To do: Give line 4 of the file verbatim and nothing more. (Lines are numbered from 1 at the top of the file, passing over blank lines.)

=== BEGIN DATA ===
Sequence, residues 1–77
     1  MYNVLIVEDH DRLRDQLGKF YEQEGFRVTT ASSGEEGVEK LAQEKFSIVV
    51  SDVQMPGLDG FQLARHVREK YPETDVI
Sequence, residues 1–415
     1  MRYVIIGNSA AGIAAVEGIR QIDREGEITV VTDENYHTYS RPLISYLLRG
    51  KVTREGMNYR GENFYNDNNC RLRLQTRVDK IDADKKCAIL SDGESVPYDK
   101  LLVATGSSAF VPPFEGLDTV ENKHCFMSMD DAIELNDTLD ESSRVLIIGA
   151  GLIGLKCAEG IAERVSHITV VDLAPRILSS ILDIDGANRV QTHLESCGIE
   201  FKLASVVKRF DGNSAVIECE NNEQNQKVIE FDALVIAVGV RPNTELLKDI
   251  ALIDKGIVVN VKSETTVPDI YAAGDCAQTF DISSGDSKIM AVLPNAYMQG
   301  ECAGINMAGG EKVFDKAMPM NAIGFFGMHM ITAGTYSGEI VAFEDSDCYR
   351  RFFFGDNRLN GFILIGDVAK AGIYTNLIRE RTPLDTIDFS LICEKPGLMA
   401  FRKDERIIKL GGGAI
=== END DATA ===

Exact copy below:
Sequence, residues 1–415